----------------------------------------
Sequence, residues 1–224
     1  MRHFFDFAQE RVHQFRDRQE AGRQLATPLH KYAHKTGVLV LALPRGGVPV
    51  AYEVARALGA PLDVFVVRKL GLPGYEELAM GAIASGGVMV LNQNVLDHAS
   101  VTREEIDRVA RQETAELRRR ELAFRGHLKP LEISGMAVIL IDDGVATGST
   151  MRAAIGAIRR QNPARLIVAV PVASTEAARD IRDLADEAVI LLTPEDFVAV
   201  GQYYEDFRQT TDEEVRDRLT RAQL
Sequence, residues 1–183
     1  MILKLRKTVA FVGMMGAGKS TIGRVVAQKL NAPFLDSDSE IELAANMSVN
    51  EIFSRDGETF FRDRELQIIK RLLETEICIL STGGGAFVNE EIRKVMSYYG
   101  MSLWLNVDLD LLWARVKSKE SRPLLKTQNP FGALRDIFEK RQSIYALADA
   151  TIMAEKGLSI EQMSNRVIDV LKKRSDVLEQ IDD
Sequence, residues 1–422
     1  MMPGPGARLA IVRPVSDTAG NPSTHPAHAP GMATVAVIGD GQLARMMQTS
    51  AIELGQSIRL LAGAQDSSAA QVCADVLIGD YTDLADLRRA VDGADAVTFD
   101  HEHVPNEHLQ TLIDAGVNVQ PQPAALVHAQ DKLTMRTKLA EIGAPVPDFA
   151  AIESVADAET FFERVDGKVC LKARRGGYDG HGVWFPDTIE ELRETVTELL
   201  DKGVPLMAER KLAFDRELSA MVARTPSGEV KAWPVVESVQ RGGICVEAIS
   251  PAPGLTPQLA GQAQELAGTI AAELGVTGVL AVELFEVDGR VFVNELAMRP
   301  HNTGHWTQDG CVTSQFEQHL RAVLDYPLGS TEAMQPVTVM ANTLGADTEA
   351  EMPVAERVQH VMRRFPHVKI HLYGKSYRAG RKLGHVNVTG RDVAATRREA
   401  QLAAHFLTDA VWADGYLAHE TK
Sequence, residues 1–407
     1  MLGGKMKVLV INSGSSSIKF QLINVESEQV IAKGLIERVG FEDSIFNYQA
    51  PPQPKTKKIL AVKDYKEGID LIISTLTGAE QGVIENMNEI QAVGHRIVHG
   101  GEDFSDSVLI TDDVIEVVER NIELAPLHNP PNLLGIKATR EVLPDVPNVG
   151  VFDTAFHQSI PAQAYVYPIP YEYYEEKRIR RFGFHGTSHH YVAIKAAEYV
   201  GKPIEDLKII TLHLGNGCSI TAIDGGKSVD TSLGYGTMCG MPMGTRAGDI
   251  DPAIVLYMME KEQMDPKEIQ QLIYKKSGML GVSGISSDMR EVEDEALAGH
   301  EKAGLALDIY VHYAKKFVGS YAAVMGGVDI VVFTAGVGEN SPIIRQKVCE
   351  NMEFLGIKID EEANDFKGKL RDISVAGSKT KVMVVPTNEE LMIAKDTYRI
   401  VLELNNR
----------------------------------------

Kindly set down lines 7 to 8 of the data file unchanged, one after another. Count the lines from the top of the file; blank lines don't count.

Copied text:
Sequence, residues 1–183
     1  MILKLRKTVA FVGMMGAGKS TIGRVVAQKL NAPFLDSDSE IELAANMSVN